Finally we got him into Easter Seals last February, and for once someone listened to me when I described the issues we were having. And when I voiced my concerns that by pushing it too hard it would backfire, I was validated. Buddy, like a lot of autistic kids, needs to feel in control of his environment. Forcing the potty on him was threatening that sense of control.

They first tried having him sit on the potty for certain time intervals, but they started to realize that this was backfiring and backed off. The other thing they noticed, that I really had not though when they brought it to my attention it made sense, was that Buddy was having a difficult time transitioning. This is also typical for autistic children. So for a few months they stopped all potty training activities and worked on helping Buddy transition. They would do this by taking him from an activity and just walking to the bathroom to make faces in the mirror, or walking to the vending machine, or walking to say hi to the administrative assistant.

I started noticing that things got a lot easier in the mornings. It used to take an hour to get Buddy ready to leave. After they started working with him on transitions, he could get ready in under fifteen minutes.

They had a specialist from the local university come out to observe them, and he noticed that Buddy also had difficulty figuring out what he is supposed to be attending to, another thing I’ve noticed but was at a loss as for how to describe. They started working with him on attending.

Towards the end of December, his case manager told me that it was time to send up underwear instead of diapers to Easter Seals with him. They’d done as much prep work as they could, now was the time to force it a bit.

I agreed, and did so. The first day he had a few accidents but he also used the potty several times. And at the end of the day they saw him do the potty dance but insist on a diaper because he knew he was going home because he’d seen me in the lobby waiting for him (after having the school discount my observations I always like to rub it in a bit when a group of autism professionals notice what I’ve been saying all the time). I worried there would be some backlash during the second day, yet, there wasn’t. He did great! He had no accidents and used the potty several time. And every day he’s gone to Easter Seal’s since he’s used the potty without any accidents.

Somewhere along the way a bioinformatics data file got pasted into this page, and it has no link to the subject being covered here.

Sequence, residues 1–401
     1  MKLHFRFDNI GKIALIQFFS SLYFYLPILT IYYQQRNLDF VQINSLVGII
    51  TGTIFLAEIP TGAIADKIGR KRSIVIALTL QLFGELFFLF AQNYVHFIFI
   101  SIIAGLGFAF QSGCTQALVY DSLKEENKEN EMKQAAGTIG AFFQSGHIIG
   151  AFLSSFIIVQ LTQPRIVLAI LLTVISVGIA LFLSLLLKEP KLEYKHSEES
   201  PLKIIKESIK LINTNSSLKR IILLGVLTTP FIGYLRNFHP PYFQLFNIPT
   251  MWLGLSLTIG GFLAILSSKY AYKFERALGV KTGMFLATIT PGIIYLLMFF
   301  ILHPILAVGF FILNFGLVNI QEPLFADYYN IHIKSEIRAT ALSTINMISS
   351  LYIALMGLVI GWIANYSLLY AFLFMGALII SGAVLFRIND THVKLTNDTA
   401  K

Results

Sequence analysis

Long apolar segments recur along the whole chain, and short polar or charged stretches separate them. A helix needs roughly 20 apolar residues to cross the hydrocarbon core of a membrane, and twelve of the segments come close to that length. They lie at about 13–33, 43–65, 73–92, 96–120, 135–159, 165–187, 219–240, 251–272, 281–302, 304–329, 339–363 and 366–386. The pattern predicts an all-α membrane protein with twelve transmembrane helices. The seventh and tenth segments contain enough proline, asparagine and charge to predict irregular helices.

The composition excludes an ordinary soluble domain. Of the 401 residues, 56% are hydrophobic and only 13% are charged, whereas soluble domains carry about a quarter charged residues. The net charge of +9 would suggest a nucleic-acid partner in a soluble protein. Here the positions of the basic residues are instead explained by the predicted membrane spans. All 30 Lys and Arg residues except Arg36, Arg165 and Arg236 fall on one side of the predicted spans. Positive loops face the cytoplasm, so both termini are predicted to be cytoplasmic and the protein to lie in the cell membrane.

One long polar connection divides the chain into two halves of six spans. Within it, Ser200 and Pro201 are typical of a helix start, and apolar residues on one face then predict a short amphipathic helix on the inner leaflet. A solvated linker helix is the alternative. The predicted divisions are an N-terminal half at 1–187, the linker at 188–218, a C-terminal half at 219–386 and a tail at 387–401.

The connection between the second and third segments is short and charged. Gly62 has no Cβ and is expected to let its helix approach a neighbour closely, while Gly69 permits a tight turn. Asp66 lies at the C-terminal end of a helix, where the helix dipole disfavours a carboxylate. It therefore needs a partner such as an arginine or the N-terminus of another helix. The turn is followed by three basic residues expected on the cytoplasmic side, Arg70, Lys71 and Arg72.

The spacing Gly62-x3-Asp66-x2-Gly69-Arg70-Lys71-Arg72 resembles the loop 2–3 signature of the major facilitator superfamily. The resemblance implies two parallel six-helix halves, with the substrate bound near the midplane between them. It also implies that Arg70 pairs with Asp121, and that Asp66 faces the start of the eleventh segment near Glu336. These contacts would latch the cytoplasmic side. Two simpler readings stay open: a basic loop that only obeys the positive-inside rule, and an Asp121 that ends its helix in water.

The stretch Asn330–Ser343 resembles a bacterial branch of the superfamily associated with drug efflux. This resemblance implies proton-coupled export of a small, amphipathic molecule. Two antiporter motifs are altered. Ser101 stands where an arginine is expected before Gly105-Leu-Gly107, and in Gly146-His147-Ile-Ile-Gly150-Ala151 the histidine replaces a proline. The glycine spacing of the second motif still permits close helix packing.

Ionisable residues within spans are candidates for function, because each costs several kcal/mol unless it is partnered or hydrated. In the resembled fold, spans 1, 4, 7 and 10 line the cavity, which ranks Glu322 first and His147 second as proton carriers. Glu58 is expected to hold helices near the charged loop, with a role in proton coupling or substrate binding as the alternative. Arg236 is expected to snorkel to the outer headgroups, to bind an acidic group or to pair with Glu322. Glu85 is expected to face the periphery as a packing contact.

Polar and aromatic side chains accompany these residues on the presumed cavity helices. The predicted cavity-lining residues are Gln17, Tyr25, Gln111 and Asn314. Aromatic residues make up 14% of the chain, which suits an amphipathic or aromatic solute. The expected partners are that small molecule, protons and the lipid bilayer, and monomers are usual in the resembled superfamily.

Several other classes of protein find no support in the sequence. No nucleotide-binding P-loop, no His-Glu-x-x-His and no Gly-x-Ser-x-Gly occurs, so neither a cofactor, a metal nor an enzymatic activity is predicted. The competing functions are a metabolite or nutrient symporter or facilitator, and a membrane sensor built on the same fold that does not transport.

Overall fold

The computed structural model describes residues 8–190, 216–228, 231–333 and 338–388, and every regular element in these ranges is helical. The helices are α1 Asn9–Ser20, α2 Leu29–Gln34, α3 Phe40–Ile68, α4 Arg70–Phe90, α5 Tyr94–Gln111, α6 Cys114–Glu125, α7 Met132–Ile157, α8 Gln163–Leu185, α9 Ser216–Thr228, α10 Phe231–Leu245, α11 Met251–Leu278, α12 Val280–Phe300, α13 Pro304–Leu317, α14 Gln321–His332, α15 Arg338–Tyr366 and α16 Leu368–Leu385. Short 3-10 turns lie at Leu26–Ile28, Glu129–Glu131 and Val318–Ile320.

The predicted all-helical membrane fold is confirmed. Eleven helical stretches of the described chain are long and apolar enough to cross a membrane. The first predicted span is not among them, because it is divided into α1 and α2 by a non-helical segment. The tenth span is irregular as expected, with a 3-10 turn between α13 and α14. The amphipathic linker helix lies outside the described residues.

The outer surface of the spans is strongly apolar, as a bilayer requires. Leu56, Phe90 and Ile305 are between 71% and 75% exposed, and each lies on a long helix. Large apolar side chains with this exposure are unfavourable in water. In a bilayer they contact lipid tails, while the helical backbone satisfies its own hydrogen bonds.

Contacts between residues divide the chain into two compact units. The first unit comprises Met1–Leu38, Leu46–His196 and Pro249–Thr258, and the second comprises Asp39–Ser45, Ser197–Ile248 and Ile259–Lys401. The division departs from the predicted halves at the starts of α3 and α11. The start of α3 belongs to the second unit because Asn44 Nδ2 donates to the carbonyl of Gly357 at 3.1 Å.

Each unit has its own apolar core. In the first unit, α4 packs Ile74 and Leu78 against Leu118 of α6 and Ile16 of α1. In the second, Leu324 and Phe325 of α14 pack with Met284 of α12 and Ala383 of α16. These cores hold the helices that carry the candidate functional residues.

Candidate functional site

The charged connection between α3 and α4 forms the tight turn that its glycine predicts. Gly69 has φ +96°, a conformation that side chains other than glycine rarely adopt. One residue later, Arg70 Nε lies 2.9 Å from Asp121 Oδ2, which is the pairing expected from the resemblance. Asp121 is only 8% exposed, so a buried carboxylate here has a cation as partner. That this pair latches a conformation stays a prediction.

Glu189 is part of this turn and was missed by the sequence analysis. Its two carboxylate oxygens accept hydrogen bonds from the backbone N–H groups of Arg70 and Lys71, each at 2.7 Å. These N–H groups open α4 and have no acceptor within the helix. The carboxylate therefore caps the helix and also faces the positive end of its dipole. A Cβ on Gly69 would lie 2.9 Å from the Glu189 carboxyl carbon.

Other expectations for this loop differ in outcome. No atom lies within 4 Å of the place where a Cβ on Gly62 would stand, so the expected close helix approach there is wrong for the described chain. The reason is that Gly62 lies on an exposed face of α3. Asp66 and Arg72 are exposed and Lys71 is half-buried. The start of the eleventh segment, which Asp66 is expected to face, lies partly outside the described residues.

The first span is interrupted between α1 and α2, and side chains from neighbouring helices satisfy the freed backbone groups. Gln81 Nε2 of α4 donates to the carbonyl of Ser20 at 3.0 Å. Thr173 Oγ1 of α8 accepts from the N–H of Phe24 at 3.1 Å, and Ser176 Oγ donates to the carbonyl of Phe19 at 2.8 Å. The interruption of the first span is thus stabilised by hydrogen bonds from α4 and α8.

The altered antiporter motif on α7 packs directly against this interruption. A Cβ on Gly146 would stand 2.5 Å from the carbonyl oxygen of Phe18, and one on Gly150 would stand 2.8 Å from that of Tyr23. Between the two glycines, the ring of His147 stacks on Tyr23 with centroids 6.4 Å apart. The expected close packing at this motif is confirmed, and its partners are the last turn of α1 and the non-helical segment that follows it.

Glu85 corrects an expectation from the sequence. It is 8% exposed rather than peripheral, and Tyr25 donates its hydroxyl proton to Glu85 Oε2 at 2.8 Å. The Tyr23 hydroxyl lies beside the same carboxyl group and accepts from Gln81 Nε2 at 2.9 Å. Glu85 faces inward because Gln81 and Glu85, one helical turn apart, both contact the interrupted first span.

The part of me that is ready to be done with diapers wants to hide his diapers and break out the underpants at home. However, he says he wants to wear diapers at home and we don’t want to push it too fast and provoke a backlash. Next week I’m meeting with his case manager to figure out the best way to take his potty training success from school to home.

Yet today, even though he was wearing a pull up, he told me this morning that he had to potty. So I walked to the bathroom with him and he sat down and did it!

I was wildly excited! We called his daddy and Buddy proudly told him that he went pee pee in the potty and asked for a high five. I’m hoping that even if he insists on a pull up at home he’ll continue to use the toilet and that when we finally take away the pull ups he’ll accept the brief without a fuss.

Things I wish the “specialists” at Buddy’s school would keep in mind is that every autistic child is different, and what works for one does not work for all, and parents’ observations about what is going on with their child are valuable. While Buddy is autistic, he’s very different from the stereotypical autistic person. He’s sensory seeking rather than sensory avoidant, he’s extremely expressive and loving, and he tends to get step by step sequences easily. His problems were transitions, attending, and his need for control over his environment, none of which were going to be solved by a picture chart or talking to me in front of him (Buddy’s receptive skills are stronger than his expressive skills) and trying to convince me he’s an evil defiant child.

For parents struggling with potty training issues who recognize their own child in what I describe with Buddy, start with small steps, such as transitions to the bathroom to make faces in the mirror. And if you can, get your child to a specialist who listens to your observations and incorporates them into the plan they create for helping your child. From my experience talking louder does not work with someone who is out of their league and suggesting one sized fits all approaches.

By the end of the month I am hopeful we can ditch diapers. Sissy is 2.5, and on the border of being potty trained herself, and I think when she sees her big brother using the potty it will encourage her to use it. Looking forward to the upcoming world of parenting children out of diapers!